Switch to Dual Emblem Display

Link to an image of this page  Link to an image of this page  [F1v]

In illaudata laudantes.

Praising the wrong things

Ingentes Galatum semermi milite turmas,
Spem praeter trepidus fuderat Antiochus.[1]
Lucarum cům saeva boum vis,[2] ira, proboscis,
Tum primům[3] hostileis corripuisset equos.
Ergo trophaea locans Elephantis imagine pinxit,
Insuper & sociis occideramus ait.
Bellua servasset ni nos foedissima barrus,
At superasse iuvat, sic superasse pudet.

Antiochus, in spite of his fears, had beyond all expectation routed the huge squadrons of Galatians with his light-armed troops, when the savage might of elephants, their raging and their trunks, for the first time ever fell upon the enemy’s cavalry. So when he set up the trophy, he adorned it with the picture of an elephant and furthermore said to his troops: “We would have fallen, if this revolting beast, the elephant, had not preserved us. Pleasing as it is to conquer, it is galling to conquer like this”.

Link to an image of this page  Link to an image of this page  [F2r]

Louer ce que est de vergoigne.

Les Elephans que sceut bailler
Anthioque en champ conflictoire:
Tant ardemment vont baitailler [=batailler] ,
Que sur Galathes ont victoire.
Lors painct tel beste en son histoire,
Confessant quelle est mal honneste:
Et dit, jay joye davoir la gloire:
Jay honte que lay par tel beste.

Notes:

1.  For this incident, see Lucian, Zeuxis sive Antiochus 8-11. In 276 BC Antiochus I won against fearful odds by directing his sixteen elephants against the Galatian horsemen and scythed chariots. Not only did the horses turn in panic and cause chaos among their own infantry, but the elephants came on behind, tossing, goring and trampling. Although he had won an overwhelming victory, Antiochus did not consider it a matter for congratulation.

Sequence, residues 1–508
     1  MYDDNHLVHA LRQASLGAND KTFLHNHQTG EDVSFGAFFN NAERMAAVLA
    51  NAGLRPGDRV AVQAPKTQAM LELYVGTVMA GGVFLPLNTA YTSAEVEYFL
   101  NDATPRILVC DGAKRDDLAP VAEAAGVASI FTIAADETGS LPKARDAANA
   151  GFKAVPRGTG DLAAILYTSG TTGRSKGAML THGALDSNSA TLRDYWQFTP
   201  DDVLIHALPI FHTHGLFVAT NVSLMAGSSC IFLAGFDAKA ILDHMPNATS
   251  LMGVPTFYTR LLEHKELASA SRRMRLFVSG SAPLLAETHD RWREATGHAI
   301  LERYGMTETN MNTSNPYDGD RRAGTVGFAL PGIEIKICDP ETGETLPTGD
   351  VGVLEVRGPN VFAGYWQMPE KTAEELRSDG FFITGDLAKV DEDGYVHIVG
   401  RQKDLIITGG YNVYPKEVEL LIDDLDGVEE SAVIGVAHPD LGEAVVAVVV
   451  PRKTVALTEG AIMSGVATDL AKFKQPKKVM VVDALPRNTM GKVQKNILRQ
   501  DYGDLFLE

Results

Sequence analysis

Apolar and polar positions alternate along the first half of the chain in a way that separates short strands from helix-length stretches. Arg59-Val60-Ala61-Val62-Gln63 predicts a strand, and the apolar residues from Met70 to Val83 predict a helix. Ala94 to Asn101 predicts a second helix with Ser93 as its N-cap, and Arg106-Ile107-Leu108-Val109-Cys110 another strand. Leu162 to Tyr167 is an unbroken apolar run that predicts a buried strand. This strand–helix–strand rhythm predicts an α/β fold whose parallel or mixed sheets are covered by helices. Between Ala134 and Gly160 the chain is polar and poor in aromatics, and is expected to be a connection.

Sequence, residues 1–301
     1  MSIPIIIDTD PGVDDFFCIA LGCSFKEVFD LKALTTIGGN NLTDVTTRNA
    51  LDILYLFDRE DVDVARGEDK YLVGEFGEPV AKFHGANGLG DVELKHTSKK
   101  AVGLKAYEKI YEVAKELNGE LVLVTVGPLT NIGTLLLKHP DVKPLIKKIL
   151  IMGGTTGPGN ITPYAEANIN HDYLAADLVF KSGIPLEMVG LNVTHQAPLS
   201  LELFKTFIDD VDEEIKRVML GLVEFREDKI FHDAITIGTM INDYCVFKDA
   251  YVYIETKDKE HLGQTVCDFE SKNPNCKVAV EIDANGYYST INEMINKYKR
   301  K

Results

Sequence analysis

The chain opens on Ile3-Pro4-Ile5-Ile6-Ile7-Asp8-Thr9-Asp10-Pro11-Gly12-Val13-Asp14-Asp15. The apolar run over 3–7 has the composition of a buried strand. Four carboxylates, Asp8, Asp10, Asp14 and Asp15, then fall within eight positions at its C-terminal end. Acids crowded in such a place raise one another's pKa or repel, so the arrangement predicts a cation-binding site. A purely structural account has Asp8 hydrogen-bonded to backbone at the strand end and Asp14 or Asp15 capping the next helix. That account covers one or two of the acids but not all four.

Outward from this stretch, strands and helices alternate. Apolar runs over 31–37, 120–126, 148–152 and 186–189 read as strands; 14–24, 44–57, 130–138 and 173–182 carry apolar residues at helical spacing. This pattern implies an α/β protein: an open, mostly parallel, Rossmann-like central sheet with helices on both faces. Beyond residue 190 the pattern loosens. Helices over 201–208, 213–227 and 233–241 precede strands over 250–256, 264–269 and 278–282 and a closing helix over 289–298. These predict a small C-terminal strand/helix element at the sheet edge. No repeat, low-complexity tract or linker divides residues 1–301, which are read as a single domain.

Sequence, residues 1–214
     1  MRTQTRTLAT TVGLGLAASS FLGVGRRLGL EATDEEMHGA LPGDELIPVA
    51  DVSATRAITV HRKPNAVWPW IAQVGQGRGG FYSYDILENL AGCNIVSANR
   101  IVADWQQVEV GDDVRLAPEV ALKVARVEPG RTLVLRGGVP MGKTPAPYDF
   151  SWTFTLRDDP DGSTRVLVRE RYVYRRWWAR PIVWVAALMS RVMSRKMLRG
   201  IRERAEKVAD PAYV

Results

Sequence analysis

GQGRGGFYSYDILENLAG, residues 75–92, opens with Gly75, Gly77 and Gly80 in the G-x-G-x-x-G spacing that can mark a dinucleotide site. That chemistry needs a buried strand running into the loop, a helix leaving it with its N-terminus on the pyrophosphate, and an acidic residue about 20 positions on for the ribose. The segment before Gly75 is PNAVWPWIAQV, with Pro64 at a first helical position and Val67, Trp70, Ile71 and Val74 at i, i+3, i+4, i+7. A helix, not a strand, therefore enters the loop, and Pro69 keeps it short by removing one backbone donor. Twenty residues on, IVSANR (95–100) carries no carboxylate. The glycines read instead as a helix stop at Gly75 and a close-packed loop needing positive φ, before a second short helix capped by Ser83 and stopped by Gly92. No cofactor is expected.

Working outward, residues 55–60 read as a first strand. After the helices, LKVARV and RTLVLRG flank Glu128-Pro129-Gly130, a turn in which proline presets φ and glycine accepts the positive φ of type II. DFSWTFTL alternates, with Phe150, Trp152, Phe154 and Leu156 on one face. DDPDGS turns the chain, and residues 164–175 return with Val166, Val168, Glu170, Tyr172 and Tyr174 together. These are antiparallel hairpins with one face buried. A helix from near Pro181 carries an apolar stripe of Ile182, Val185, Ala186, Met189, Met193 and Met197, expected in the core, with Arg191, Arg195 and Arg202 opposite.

2.  ‘Might of elephants’, lit. ‘might of Lucanian cattle’, supposedly so called by the Romans because they first saw these strange beasts in Lucania in south Italy, when King Pyrrhus of Epirus made use of them in his defeat of the Romans at the battle of Heraclea in 280 BC. See Pliny, Natural History 8.6.16.

3.  ‘For the first time ever’. The Galatians, Celtic tribes who had invaded Asia Minor, had never seen elephants before. Elephants had often been used in battle on other occasions.


Related Emblems

Show related emblems Show related emblems

Hint: You can set whether related emblems are displayed by default on the preferences page


Iconclass Keywords

Relating to the image:

Relating to the text:


Hint: You can turn translations and name underlining on or off using the preferences page.

 

Back to top